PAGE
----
Journal

On usefulness and the purpose of living

Earlier today, I was bragging to a friend of mine about having a little knowledge of Celtic music. I was lying, of course, I know as much about Celtic music as any other Indian (maybe a few songs, or is that extraordinary?), but what struck me was that my lie failed to impress him and he dismissed it as useless knowledge. He gave me his reasons: there is no use of having knowledge which you will never be able to put to use in your life. You know who is famous for exactly this thought? Sherlock Holmes!

I quote him here.

“I consider that a man’s brain originally is like a little empty attic, and you have to stock it with such furniture as you choose.  A fool takes in all the lumber of every sort that he comes across, so that the knowledge which might be useful to him gets crowded out, or at best is jumbled up with a lot of other things, so that he has a difficulty in laying his hands on it. Now the skillful workman is very careful indeed as to what he takes into his brain-attic.  He will have nothing but the tools which may help him in doing his work, but of these he has a large assortment, and all in the most perfect order.  It is a mistake to think that little room has elastic walls and can distend to any extent.  Depend upon it – there comes a time when for every addition of knowledge you forget something that you knew before.  It is of the highest importance, therefore, not to have useless facts elbowing out the useful ones.”

I am a HUGE fan of Holmes and generally agree with whatever A. C. Doyle makes him say, but not this, because it hints at life having a purpose and I believe it doesn’t. Sure it is easier to live your life thinking that whatever you do would in some way matter. Sure it is easier to blissfully ignore the imminent universal oblivion. But it is also easier for some people to accept the hard truth and enjoy the benefits it provides. Once you realize this truth, you will be a happy man (or woman) and your life will be ruined for good.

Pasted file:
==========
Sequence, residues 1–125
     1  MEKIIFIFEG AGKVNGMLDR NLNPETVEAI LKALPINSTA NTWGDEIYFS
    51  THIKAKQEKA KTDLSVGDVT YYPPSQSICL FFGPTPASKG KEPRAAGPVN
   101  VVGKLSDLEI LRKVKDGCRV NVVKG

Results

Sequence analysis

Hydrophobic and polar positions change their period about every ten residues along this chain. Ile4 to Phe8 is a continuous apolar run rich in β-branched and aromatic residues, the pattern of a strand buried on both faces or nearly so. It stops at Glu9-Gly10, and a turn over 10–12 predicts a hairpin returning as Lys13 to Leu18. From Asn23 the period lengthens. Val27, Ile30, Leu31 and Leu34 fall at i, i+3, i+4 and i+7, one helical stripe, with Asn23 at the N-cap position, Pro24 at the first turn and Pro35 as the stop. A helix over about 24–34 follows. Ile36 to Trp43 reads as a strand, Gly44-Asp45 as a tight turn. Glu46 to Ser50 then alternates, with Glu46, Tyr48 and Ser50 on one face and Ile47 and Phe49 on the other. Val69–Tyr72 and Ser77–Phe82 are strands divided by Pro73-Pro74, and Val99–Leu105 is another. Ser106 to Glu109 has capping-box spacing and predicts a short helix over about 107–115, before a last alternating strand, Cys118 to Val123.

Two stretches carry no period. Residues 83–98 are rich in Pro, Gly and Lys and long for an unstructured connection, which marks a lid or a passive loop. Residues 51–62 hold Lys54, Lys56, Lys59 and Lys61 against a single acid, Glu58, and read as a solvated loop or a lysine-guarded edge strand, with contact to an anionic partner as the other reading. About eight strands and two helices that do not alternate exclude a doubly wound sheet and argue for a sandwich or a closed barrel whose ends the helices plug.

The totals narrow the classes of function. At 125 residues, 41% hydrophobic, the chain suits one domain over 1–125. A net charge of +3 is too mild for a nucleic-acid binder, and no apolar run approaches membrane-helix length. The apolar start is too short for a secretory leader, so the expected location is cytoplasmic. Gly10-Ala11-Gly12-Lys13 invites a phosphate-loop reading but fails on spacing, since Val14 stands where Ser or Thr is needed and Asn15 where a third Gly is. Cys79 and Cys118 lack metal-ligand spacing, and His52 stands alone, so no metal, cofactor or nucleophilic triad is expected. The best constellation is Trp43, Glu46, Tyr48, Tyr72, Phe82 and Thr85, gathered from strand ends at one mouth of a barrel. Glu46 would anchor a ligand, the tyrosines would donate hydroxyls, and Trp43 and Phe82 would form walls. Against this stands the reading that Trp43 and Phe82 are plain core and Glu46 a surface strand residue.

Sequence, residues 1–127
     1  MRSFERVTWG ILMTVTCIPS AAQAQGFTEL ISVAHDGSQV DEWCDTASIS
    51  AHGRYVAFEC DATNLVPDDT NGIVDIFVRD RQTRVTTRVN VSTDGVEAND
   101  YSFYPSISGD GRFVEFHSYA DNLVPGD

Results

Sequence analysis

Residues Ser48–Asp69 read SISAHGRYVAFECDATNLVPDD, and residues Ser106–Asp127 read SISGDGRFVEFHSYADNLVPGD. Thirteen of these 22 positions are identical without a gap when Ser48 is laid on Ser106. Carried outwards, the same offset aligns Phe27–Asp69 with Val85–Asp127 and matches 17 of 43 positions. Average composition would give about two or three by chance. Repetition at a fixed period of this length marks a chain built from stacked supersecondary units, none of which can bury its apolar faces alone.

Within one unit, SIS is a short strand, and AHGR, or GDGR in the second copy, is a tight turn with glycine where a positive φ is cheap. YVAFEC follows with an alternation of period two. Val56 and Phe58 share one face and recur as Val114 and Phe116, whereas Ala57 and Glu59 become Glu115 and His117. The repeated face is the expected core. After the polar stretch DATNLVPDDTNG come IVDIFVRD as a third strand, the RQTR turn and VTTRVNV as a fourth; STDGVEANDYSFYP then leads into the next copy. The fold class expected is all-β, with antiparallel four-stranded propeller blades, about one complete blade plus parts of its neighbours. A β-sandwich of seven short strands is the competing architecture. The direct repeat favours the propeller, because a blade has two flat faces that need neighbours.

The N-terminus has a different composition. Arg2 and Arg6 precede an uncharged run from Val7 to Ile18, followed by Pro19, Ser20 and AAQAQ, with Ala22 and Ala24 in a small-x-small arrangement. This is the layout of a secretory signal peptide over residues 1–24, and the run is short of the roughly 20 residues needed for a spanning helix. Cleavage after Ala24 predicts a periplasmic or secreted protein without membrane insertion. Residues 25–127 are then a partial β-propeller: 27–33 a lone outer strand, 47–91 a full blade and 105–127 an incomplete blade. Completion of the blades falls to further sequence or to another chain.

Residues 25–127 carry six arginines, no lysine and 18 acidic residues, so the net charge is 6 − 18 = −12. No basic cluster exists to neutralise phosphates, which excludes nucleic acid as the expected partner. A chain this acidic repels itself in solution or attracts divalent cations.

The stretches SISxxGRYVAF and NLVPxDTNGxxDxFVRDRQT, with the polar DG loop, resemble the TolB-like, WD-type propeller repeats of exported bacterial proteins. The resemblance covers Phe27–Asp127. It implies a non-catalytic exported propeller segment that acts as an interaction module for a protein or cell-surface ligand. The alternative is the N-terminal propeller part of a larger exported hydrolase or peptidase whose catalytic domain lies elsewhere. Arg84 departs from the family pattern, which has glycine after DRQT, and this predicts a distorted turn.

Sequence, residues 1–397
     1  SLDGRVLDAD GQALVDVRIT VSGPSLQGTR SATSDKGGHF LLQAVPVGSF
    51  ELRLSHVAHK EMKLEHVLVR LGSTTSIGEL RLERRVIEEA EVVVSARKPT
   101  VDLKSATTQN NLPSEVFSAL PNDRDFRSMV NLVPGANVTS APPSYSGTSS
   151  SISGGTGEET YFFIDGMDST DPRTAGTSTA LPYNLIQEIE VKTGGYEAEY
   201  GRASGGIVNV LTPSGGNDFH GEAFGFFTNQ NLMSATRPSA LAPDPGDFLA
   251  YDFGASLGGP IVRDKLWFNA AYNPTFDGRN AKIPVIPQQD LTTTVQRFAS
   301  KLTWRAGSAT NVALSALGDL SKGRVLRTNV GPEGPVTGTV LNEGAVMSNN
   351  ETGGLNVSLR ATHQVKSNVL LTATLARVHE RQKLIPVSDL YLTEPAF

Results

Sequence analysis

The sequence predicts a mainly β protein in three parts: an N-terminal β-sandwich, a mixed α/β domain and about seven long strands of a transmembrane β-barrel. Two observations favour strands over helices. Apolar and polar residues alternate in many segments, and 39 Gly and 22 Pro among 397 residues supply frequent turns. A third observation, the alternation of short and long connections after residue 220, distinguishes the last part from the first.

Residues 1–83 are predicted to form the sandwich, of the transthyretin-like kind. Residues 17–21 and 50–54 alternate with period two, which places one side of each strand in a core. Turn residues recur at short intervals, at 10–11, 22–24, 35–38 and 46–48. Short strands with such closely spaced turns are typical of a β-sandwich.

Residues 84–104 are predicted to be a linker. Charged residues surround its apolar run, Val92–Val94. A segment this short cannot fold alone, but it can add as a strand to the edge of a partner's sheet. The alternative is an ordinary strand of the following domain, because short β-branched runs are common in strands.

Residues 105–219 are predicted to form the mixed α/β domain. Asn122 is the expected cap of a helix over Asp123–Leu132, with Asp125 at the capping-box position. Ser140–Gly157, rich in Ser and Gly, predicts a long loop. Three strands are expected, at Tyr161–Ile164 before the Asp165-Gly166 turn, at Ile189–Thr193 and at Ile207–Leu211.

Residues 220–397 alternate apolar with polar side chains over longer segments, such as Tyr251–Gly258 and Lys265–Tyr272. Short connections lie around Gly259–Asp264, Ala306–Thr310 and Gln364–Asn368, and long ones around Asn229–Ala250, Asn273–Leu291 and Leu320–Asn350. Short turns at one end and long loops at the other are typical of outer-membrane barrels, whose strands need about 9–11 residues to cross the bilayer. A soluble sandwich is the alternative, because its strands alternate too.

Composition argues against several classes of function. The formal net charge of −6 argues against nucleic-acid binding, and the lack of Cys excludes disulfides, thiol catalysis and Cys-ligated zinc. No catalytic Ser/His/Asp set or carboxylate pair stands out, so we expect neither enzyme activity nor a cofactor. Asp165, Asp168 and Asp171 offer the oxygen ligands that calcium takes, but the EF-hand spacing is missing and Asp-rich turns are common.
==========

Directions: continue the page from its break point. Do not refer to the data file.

Who are we, as mortals, to decide what is useful and what is useless? After a certain number of years, no one from our species will be around to observe the effects of our actions, if any. Don’t get me wrong, I’m not trying to spread pessimism here. I’m just asking you not to judge.

But of course, I’m getting ahead of myself. People generally talk about their immediate life when they’re talking about usefulness. Whatever helps you make money, or accomplish your dreams, or get a lover, or any other benefit, is useful. There’s just one small detail I’d like to add to that. All forms of observations are valuable, and listening to some rare music from across the globe is an observation.

There was a side character in a book I read recently who blurted out a long suppressed thought of mine.

I believe the universe wants to be noticed. I think the universe is inprobably biased toward the consciousness, that it rewards intelligence in part because the universe enjoys its elegance being observed. And who am I, living in the middle of history, to tell the universe that it – or my observation of it – is temporary?

So, there you have it; what I believe is the true higher purpose of life. Take in all you can in your few years’ quota. Everything you see around you, is for you.

Better yet, bring something into existence.

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